Sadness In Remembering

Sometimes when I think back it is with a strong sense of sadness. Occasionally this sadness is unaccountable, making no sense, seemingly out of place let alone out of proportion to the memories being relived.

There were things to be sad about, of course: a family pet dying or a funeral or recalling first tearful days at school. I can recall being in trouble for doing something wrong, remember what it was like very clearly to be in trouble, and the condition of naughtiness, as if it were a passing but very real affliction, is strongly linked in my mind with incidents where I wondered whether it had worn off yet. There was punishment and shame and wondering if having been naughty you were still a naughty boy or if it was past now. And perhaps I still wonder about this today.

We were never smacked much, although we did get smacked a few times (it wasn’t considered child abuse in those days), but those few incidents served mainly to make my sister and I unwilling to ever do anything too bad, as we didn’t want the consequences, we feared them, and it’s only now that I think about it all again that I can guess mum and dad were probably scared somewhat too – not sure how to react, how stern to be, how much fear to inspire – certain aspects of being a parent need to be learned, I’m sure.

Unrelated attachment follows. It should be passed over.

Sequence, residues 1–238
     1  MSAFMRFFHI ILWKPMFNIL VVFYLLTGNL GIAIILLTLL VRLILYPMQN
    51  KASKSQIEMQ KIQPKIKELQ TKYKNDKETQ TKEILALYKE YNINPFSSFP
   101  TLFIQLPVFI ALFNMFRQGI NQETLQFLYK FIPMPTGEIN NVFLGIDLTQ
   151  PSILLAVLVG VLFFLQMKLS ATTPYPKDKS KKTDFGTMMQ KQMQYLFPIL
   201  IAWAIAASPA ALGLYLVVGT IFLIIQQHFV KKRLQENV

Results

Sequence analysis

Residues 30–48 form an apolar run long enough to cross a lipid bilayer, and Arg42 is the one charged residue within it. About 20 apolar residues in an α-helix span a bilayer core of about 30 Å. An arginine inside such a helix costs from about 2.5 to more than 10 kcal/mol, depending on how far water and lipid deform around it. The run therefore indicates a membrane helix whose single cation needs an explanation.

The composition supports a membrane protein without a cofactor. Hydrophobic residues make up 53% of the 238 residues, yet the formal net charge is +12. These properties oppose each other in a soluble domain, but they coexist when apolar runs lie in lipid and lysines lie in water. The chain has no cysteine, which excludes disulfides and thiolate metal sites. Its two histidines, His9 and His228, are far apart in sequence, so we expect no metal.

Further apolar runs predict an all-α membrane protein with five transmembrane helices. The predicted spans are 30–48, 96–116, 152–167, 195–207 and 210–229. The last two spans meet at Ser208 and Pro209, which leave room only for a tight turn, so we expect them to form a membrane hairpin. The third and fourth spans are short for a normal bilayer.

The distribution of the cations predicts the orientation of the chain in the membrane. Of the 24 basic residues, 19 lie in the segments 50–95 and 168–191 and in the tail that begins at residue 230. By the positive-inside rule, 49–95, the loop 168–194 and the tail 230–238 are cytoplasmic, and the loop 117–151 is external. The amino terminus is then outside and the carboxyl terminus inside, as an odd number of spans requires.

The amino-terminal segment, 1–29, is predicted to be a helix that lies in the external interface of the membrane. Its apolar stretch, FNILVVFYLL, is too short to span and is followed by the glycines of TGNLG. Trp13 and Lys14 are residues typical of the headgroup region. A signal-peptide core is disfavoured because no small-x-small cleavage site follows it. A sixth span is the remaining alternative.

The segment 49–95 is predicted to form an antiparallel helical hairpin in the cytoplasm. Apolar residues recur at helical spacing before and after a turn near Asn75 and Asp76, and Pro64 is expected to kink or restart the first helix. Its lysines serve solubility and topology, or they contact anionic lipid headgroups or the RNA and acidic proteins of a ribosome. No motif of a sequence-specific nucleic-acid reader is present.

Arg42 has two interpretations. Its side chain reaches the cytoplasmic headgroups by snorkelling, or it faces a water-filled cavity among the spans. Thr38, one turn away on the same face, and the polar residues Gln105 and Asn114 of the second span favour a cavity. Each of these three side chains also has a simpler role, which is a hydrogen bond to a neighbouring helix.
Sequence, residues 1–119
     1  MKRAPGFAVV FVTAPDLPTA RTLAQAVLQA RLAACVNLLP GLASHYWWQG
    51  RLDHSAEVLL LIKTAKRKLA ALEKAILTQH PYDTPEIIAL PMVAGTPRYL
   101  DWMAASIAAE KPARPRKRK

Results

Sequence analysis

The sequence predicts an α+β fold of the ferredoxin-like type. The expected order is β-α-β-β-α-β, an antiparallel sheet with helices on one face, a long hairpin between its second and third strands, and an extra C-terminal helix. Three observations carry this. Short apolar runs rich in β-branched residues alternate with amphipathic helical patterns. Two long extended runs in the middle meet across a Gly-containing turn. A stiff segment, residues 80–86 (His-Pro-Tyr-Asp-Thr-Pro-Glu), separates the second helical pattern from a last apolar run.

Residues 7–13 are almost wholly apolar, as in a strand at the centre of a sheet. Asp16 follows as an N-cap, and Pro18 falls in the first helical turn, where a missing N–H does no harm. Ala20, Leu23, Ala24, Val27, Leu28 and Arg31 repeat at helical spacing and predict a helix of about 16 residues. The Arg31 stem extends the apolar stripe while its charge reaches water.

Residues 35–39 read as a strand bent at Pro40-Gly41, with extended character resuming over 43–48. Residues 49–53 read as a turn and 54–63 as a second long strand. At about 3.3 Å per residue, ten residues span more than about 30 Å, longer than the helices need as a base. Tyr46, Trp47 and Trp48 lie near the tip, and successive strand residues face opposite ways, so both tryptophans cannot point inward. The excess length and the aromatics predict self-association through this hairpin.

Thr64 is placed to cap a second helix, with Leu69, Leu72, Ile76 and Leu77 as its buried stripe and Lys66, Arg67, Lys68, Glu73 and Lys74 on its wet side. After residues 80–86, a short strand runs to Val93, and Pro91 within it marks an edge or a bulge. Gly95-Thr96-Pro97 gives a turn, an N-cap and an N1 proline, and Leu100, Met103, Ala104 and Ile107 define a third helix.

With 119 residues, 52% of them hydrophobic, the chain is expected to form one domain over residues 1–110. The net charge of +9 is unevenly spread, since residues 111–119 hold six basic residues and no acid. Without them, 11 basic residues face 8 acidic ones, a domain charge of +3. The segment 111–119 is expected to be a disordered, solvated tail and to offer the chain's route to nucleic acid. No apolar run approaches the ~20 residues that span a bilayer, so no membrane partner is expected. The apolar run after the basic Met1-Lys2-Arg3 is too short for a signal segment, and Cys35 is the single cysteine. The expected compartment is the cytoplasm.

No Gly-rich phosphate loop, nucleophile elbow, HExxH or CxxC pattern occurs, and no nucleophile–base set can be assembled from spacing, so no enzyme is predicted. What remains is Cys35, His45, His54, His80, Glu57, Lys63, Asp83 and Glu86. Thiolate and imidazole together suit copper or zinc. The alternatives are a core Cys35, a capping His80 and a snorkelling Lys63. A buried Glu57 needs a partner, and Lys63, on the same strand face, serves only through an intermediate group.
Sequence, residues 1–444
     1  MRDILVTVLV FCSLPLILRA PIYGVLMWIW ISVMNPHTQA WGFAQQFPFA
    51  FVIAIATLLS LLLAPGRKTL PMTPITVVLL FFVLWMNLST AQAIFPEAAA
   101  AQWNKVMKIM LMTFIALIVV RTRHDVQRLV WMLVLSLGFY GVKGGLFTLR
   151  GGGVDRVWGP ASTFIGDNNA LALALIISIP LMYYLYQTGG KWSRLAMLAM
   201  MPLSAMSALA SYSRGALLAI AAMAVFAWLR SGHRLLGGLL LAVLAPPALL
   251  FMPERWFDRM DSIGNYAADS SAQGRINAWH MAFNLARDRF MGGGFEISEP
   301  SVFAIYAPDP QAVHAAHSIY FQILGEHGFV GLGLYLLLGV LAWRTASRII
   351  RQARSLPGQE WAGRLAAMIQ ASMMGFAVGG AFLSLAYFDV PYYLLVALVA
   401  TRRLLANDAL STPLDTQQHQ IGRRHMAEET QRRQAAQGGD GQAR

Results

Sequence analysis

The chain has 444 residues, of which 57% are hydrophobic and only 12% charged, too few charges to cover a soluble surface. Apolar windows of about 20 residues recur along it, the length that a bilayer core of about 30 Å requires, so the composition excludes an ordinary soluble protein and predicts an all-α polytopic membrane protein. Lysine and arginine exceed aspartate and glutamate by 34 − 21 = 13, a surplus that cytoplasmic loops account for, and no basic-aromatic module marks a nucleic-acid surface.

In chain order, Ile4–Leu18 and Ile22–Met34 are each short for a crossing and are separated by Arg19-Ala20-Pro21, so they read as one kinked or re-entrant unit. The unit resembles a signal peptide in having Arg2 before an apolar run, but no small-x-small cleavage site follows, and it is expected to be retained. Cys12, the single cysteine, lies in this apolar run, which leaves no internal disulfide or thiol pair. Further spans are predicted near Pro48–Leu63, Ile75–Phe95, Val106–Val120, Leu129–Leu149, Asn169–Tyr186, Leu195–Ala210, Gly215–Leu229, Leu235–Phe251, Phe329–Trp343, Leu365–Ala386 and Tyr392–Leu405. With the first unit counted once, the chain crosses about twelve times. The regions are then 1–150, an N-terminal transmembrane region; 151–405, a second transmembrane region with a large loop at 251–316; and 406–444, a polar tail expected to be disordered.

But it isn’t just fear and grief which seemed characterised by sadness. There was a sense of despair which I can’t quite explain. The world outside was full, potentially, of unpleasant people and experiences. There were things which never quite made sense and situations which seemed less than fun. Other families did things differently. They went on holidays, and we didn’t, at least we didn’t very often. But it wasn’t all selfish stuff like that. I recall a grandson of the woman who used to babysit and act a bit like a housekeeper to my sister and I, and for some reason one school holidays he was at the housekeeper’s house, where my sister and I were for the day, and he called his mum on the phone and somehow accidentally (but with a kind of joshing bravado) I said somewhere near the receiver of the phone the worst insult I knew at the time, “Ya idiot”, as I thought he was mucking around and not really talking to his mum, but he was, and for some reason we were all to go to his house for the day a few days later, and his mother would be there, and he told me I’d be in very deep trouble indeed. I didn’t know what to expect from being in trouble from a stranger and felt pure misery for days and days. It seemed the worst thing that could happen. I’d been rude to this guy’s mum and I didn’t mean it, and now it would get bad, and there was no-one I could talk to about it. No-one who could tell me it would be alright. As it happened, he was being a smart-alec, and if his mum heard what I said she took no notice and certainly didn’t think this little 6 year-old would be capable of the sin I thought I would be punished for, and I couldn’t believe how nice she was to me, and kept thinking that there would be repercussions, despite the woman being friendly and caring, and I was just withdrawn and scared. And afterwards, when the cause of my angst came up, the boy said he was just mucking around, and he did make out something bad would happen but he didn’t expect me to take him so seriously, and I’m still not sure I can believe it happened that way.